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With just days to go before the law goes into effect, Senate Republicans have proposed a sweeping rewrite of what voters approved, angering supporters of the issue and alarming both parties in the House. The first bill would have banned home cultivation entirely, lowered the possession limit to 1 ounce, raised the tax rate on pot purchases to 15 percent, eliminated tax breaks for social capital programs that support the marijuana industry itself, and targeted most money to a general state government fund.

Under the compromise negotiated with DeWine and approved 28-2 by the Senate on Wednesday, the number of marijuana plants allowed for a household was reduced to six, the higher tax rate of 15 percent on purchases was maintained and THC levels for cannabis extracts were reduced from the 90 percent allowed under Issue 2 to 50 percent. The deal reinstated the 2.5-ounce possession limit but kept the 35 percent THC level for plants and repealed, allowing Ohio state government to control most of the marijuana tax revenue.

In a move that won Democratic support for the measure, the compromise bill adds a provision not included in Issue 2 that calls for the expungement of the criminal record of anyone convicted of possession of up to 2.5 ounces of marijuana. It also adds protections for children, such as requiring child-safe packaging on legal marijuana products and banning ads aimed at children — a priority for the governor.

Ohio has never before made such significant changes to an initiated statute, according to Steven Steinglass, dean emeritus of Cleveland State University’s College of Law and a leading expert on the Ohio constitution.

“Understand, this has never happened in Ohio because voters have approved only three initiated statutes in 111 years, and none of those three have been amended, repealed or tampered with by the General Assembly,” he said.

If lawmakers stray too far from the voter-approved statute, the Coalition to Regulate Marijuana Like Alcohol, the Campaign for Question 2 or some other group could always hold a referendum.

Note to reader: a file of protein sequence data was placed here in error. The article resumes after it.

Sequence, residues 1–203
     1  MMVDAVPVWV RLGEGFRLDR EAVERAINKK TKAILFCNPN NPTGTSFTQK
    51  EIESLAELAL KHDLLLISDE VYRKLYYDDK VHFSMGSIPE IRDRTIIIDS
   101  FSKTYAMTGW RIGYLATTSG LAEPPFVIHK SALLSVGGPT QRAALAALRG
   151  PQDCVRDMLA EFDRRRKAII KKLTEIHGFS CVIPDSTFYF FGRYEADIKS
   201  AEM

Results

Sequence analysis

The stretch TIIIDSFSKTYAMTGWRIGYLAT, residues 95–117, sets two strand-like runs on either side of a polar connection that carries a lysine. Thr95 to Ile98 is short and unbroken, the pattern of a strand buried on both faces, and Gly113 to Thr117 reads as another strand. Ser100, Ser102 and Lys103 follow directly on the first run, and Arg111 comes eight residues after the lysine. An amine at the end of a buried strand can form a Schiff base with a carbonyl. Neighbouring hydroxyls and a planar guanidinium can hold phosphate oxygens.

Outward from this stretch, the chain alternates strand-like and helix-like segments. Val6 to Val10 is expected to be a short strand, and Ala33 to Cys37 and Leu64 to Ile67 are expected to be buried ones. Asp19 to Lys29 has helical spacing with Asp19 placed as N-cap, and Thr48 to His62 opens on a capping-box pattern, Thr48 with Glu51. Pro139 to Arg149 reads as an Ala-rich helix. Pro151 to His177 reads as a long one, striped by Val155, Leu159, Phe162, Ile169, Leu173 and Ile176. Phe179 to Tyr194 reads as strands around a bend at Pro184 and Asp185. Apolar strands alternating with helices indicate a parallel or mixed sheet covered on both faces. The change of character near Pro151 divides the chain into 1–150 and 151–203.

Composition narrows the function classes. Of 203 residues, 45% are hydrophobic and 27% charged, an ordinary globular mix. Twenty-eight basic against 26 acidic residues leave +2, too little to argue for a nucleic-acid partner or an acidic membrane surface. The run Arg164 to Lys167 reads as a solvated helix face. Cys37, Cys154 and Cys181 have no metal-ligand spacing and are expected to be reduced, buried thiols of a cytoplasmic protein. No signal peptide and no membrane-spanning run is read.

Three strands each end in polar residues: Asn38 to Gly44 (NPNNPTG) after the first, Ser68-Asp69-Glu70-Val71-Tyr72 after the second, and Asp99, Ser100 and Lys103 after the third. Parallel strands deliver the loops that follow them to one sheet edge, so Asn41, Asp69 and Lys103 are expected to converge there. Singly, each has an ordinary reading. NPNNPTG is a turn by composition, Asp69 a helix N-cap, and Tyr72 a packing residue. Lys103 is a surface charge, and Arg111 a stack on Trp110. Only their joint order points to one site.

“Because petitioners have some important constitutionally permitted tools they can use, this should give legislators an incentive to sit down with petitioners to reach a compromise on changes that legislators feel are necessary and that petitioners believe do not violate their legislation intent,” Steinglass said.

Huffman said the compromise legislation is respectful of voters while addressing important issues.

“I’m against (legalization), but it’s a law,” the Senate president said. “We don’t want illegal sales — the black market, if you will — to take hold.”

Meanwhile, there are many aspects of Ohio’s new law that can be implemented immediately, said Louis Tobin, executive director of the Ohio District Attorneys Association.

“Starting Thursday, it will be very difficult to find probable cause and prosecute people who carry less than 2.5 ounces of marijuana, but prosecutors and law enforcement will still be on the lookout,” Tobin said. “People smoking in cars are still breaking the law, people carrying more than 2.5 ounces are still breaking the law, people doing private sales are still breaking the law, people driving under the influence, still breaking the law.”